how to create huge two-dementional array

Discussion in 'C Programming' started by Winston, Jul 21, 2005.

  1. Winston

    Winston Guest

    Hello, There:

    I would like to create a huge two-dimentational array in C, like 5000X5000.
    However, I always got sementation faults when accessing more than 2000X2000.
    Is there any way to overcome this issue?

    Thanks in advance!
    Winston, Jul 21, 2005
    #1
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  2. Winston wrote:
    > Hello, There:
    >
    > I would like to create a huge two-dimentational array in C, like 5000X5000.
    > However, I always got sementation faults when accessing more than 2000X2000.
    > Is there any way to overcome this issue?
    >
    > Thanks in advance!


    Show some code. If your code is valid, you may be hitting
    some limitations of your platform, which are best discussed
    in a newsgroup dedicated to that platform.

    This works for me:
    #include <stdio.h>
    #include <stdlib.h>

    #define NROWS 5000
    #define NCOLS 5000

    int main(void)
    {
    int i;
    int **arr = malloc(NROWS * sizeof(int *));

    if (arr == NULL) {
    exit(EXIT_FAILURE);
    }

    for(i = 0; i < NROWS; i++) {
    arr = malloc(NCOLS * sizeof(int));
    if (arr == NULL) {
    exit(EXIT_FAILURE);
    }
    }

    arr[NROWS-1][NCOLS-1] = 27;

    printf("%d\n", arr[NROWS-1][NCOLS-1]);

    return 0;
    }

    -David
    David Resnick, Jul 21, 2005
    #2
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  3. Winston wrote:
    > Hello, There:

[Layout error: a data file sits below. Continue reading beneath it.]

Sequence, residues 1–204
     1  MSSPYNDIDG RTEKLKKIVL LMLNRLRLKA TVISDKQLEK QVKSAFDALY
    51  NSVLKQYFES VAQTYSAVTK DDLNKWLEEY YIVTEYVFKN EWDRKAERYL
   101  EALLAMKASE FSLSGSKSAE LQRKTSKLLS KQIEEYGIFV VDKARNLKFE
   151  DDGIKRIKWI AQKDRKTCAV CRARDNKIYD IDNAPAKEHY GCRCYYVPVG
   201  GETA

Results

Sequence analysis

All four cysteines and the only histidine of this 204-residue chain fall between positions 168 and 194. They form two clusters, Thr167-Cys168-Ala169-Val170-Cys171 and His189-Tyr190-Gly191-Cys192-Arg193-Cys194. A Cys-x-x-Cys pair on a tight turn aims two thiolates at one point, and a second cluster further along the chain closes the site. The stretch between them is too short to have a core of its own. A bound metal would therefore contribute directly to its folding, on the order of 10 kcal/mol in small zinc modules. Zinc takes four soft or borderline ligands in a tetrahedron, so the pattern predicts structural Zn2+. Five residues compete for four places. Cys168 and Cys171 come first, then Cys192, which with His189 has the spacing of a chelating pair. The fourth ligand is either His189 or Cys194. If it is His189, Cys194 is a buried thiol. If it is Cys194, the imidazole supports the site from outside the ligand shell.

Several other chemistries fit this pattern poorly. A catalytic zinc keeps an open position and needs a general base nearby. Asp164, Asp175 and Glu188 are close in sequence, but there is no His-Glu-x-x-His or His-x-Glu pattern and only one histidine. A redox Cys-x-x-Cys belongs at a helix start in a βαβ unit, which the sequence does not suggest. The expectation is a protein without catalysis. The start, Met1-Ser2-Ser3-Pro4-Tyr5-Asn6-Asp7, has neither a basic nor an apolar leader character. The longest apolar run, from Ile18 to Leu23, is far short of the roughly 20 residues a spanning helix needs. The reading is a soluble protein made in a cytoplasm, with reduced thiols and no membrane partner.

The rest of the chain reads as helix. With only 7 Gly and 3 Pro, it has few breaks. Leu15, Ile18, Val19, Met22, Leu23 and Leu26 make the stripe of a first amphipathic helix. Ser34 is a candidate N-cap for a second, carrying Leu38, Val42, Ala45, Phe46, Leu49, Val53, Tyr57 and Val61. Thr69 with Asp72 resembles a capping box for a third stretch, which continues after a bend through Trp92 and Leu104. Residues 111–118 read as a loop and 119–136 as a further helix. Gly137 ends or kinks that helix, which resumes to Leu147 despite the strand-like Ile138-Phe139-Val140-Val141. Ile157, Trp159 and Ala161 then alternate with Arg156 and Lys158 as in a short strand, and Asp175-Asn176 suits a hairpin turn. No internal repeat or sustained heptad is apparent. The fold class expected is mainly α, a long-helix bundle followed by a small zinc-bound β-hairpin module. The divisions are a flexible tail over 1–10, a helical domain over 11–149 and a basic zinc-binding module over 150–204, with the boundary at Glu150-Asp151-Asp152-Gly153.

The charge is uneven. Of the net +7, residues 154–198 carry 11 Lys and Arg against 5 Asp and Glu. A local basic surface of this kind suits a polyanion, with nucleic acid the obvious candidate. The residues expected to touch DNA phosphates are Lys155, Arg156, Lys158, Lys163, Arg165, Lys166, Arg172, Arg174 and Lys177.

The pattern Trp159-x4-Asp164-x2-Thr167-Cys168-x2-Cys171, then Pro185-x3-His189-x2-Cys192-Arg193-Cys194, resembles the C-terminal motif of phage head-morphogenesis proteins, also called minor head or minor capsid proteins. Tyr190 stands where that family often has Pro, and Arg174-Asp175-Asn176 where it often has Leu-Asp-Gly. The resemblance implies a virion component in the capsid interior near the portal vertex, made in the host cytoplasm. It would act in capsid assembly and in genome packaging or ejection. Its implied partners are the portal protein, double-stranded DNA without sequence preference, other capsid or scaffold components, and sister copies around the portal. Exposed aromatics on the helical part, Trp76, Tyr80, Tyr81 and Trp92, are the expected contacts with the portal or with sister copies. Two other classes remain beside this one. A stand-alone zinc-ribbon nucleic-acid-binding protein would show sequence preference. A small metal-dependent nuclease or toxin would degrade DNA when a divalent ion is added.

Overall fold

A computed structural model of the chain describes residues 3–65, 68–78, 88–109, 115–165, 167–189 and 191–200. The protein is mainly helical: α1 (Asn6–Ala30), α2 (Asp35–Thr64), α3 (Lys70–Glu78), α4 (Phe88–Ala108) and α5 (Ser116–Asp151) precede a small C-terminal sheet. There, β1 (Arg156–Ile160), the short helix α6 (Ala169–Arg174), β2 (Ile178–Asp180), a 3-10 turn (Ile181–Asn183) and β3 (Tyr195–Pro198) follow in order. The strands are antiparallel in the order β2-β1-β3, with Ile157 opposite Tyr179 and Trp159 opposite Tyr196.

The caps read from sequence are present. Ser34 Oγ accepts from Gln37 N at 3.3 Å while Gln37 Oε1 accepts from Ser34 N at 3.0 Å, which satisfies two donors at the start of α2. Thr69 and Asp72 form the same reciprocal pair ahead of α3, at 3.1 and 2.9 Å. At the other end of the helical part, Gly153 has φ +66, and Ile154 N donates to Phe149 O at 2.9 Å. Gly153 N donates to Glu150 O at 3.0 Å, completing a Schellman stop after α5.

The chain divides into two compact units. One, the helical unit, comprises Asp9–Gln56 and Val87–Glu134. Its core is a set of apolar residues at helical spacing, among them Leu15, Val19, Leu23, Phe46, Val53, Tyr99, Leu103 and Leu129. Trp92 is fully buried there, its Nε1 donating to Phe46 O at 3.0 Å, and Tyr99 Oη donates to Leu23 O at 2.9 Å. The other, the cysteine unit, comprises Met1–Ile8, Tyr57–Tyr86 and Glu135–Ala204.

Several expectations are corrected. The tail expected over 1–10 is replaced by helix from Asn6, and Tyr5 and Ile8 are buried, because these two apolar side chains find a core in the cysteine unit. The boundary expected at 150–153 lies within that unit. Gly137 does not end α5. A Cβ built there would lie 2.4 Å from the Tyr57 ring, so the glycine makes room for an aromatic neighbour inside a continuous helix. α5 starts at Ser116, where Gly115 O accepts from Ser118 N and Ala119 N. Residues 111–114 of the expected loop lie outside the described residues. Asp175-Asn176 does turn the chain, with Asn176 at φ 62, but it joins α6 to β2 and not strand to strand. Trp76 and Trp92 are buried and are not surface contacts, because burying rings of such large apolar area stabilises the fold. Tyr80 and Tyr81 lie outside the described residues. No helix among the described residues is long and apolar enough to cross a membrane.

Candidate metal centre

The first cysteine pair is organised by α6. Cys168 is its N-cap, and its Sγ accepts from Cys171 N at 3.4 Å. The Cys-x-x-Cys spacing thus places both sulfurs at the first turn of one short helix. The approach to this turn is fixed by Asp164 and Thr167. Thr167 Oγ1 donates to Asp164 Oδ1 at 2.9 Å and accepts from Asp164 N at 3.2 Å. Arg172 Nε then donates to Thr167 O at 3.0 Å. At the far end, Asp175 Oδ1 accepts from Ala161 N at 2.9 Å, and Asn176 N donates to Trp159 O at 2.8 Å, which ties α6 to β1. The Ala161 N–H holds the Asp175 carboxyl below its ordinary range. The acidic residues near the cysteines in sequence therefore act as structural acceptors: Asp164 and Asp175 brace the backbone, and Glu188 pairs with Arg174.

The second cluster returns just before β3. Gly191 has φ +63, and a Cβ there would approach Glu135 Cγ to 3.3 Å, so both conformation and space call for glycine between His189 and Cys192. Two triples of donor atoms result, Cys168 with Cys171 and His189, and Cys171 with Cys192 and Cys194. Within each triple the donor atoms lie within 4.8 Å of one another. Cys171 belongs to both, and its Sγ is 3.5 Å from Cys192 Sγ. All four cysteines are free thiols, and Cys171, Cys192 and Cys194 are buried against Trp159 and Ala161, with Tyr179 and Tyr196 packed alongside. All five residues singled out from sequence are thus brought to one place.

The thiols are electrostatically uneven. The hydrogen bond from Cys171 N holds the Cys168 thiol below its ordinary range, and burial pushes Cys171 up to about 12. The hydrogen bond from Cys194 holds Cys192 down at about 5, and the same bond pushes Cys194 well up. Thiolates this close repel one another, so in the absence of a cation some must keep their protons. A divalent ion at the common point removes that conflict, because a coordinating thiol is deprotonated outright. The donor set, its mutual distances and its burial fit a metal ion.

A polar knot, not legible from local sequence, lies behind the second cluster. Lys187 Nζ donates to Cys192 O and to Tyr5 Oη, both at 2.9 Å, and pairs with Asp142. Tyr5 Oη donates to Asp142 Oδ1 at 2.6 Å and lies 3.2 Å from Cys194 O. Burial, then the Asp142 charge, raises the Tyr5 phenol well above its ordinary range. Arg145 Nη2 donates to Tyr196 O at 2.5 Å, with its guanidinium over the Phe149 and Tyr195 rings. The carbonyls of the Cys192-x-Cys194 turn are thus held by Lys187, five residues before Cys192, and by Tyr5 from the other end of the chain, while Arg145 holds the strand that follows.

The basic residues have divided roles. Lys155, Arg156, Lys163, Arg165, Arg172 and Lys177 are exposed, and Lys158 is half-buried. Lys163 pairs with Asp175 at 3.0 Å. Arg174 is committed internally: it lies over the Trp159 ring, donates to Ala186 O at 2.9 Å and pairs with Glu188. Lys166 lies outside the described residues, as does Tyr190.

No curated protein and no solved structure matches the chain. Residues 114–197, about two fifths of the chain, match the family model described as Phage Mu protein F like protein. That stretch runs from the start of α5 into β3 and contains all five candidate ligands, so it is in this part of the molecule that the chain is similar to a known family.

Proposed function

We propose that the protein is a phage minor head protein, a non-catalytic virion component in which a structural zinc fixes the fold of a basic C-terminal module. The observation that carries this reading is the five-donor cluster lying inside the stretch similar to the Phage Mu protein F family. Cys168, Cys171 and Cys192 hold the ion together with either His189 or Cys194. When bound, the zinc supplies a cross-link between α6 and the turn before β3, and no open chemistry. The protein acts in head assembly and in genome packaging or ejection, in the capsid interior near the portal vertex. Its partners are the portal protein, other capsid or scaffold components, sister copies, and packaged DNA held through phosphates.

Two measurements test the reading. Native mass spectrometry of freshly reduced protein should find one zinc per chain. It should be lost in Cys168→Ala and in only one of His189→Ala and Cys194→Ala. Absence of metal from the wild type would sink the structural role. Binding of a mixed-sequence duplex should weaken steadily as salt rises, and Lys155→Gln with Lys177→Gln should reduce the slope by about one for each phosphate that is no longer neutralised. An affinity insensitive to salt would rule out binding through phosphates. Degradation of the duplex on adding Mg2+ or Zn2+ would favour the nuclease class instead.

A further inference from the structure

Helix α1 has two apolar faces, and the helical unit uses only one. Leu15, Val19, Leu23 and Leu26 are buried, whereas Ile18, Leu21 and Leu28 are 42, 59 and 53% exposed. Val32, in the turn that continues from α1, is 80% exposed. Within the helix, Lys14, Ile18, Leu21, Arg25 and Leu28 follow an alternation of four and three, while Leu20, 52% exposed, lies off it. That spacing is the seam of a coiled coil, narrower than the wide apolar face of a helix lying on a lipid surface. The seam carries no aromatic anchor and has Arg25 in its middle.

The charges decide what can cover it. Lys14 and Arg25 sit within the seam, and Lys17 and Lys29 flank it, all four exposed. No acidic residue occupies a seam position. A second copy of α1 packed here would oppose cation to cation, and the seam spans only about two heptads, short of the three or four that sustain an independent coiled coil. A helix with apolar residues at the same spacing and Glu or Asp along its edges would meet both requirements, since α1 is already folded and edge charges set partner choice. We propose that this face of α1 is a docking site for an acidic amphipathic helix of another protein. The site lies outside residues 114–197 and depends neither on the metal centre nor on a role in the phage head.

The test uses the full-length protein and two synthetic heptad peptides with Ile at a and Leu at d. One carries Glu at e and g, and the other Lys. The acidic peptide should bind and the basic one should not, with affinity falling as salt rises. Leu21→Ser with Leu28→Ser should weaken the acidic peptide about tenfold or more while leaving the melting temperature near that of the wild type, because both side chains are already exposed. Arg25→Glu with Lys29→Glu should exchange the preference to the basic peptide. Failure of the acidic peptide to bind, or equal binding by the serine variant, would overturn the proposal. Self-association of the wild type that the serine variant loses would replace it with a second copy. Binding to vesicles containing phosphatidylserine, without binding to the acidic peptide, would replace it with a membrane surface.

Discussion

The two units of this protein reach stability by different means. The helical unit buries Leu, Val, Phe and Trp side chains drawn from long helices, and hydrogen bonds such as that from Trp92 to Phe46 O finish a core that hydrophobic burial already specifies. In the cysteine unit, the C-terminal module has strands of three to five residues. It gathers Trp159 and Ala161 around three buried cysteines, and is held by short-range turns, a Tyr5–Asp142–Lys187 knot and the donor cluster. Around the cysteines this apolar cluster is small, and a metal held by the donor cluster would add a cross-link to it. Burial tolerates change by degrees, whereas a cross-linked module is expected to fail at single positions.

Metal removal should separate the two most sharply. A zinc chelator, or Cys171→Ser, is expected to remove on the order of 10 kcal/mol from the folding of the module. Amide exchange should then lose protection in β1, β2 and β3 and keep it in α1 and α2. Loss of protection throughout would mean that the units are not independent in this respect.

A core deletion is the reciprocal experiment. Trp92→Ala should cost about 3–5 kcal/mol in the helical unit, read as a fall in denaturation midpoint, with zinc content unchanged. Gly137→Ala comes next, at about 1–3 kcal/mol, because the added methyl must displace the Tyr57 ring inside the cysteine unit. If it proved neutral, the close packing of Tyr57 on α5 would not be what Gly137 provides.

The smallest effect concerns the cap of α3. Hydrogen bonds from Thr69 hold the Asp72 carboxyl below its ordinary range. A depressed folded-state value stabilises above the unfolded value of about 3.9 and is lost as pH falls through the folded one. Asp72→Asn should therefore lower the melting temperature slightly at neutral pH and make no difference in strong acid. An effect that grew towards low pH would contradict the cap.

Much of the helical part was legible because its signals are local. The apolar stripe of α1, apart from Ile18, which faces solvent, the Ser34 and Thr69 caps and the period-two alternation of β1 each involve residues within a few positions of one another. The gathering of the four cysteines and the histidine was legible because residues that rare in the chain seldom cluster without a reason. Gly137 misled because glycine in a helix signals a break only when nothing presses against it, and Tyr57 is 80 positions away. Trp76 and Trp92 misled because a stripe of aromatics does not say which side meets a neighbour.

>
    > I would like to create a huge two-dimentational array in C, like 5000X5000.
    > However, I always got sementation faults when accessing more than 2000X2000.
    > Is there any way to overcome this issue?


    Standard C only guarantees the ability to create an object of up to
    65535 bytes (in a hosted enviornment which I assume you are using).
    You didn't say what you were trying to create an array of, but even a
    2000x2000 array of char is at least 4,000,000 bytes.

    <OT>
    Many systems use a stack of limited size to place automatic variables.
    Your compiler or operating system may provide the ability to increase
    this size (see the appropriate documentation for details). On such
    systems, dynamically allocated memory is often placed in a heap whose
    size is dynamic and can grow much larger than the stack, you might want
    to try using malloc to allocate space for your array instead.
    </OT>

    Robert Gamble
    Robert Gamble, Jul 21, 2005
    #3
  4. Winston

    Winston Guest

    "David Resnick" <> wrote in message
    news:...
    > Winston wrote:
    > > Hello, There:
    > >
    > > I would like to create a huge two-dimentational array in C, like

    5000X5000.
    > > However, I always got sementation faults when accessing more than

    2000X2000.
    > > Is there any way to overcome this issue?
    > >
    > > Thanks in advance!

    >
    > Show some code. If your code is valid, you may be hitting
    > some limitations of your platform, which are best discussed
    > in a newsgroup dedicated to that platform.
    >
    > This works for me:
    > #include <stdio.h>